Molly has said plans by the government to ditch EU legal commitments on ending overfishing by 2020 means that the government’s promise of a Green Brexit has ‘sunk without trace.’
Under the Common Fisheries Policy, EU member states are legally bound to set fishing quotas within a “maximum sustainable yield” – a limit identified by scientists to ensure the sustainability of fish stocks long-term. However, the UK government’s fisheries bill contains no catch limits and ministers have refused attempts to introduce one. This despite a pledge by Environment Secretary Michael Gove that the bill would ‘ensure better conservation measures, allow[ing] our precious marine environment to thrive.’
Molly, who represents a region that has important fisheries in Newlyn, Brixham and other ports, responded:
“The absence of any legal duty to limit catches in line with scientific advice is a sign that the government’s promise of a Green Brexit has sunk without trace. Enforcing catch limits and protecting marine ecosystems is vitally important in ensuring the future sustainability of fishing communities in the South West and across the UK.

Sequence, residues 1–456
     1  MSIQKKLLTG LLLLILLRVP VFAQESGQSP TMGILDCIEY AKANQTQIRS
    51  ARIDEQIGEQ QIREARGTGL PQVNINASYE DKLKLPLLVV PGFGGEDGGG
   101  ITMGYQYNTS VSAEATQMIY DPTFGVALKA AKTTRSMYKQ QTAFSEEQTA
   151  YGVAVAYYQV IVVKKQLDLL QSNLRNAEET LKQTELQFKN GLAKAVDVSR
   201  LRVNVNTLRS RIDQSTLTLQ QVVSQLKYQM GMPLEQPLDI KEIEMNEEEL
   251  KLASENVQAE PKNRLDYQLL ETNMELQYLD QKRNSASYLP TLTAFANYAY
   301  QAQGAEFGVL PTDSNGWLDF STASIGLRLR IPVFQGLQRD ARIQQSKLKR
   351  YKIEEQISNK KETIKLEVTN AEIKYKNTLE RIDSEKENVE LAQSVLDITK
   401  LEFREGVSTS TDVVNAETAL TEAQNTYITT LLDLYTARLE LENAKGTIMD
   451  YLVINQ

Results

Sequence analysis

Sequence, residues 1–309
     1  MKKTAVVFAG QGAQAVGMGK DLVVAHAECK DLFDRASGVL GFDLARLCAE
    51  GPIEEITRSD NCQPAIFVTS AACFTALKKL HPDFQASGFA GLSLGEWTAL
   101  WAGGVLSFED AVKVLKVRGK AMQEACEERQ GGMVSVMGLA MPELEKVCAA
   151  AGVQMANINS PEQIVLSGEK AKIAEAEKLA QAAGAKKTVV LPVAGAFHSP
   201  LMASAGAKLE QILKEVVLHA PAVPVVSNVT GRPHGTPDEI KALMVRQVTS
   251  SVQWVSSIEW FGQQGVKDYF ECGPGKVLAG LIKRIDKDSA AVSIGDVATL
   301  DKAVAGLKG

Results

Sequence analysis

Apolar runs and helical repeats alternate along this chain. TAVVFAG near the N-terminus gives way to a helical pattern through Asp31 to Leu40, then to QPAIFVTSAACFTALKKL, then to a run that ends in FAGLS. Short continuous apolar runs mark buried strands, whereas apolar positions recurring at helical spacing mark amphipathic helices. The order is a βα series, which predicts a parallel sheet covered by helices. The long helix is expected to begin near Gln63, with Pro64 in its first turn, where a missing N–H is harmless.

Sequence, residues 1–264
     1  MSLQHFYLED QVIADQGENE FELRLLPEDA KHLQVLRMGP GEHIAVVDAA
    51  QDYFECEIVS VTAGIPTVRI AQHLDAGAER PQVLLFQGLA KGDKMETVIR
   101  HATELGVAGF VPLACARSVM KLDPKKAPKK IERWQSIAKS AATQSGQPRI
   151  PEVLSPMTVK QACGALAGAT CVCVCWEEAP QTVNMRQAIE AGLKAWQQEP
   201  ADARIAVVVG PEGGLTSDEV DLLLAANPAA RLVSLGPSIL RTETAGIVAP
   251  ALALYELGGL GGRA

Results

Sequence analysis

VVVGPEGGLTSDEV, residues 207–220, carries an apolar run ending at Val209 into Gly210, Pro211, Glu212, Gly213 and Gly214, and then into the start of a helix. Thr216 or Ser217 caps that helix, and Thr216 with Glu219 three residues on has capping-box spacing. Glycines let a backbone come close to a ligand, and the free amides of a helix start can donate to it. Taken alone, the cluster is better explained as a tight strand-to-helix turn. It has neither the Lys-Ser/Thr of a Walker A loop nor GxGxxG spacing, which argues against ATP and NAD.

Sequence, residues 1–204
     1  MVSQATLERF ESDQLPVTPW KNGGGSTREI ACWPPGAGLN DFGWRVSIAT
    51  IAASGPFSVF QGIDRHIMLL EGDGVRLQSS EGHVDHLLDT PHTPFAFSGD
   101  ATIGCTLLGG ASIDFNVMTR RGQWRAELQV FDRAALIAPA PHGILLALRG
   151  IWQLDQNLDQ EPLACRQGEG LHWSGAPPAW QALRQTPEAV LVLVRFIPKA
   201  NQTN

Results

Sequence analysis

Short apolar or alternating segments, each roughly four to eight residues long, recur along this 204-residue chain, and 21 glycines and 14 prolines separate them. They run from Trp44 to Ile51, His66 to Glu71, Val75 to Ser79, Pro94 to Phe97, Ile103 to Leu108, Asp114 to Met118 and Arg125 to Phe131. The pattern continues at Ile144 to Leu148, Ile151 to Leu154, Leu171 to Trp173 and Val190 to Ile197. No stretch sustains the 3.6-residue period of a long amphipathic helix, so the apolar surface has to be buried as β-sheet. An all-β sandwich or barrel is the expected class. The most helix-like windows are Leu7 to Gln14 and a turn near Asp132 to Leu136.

“It is also clear that we will not be able to sell into European markets unless we meet European environmental standards, so allowing a destructive free-for-all will undermine fisheries livelihoods, when so much of the South West catch is sold direct into the single market.
“Taking back control of our waters was a myth created by Brexiteers. Fish move freely, so we need to work alongside our neighbours to agree appropriate limits to fishing in order to maintain and build up fish stocks. We are also bound by international law to agree, cooperate and ensure conservation of stocks.”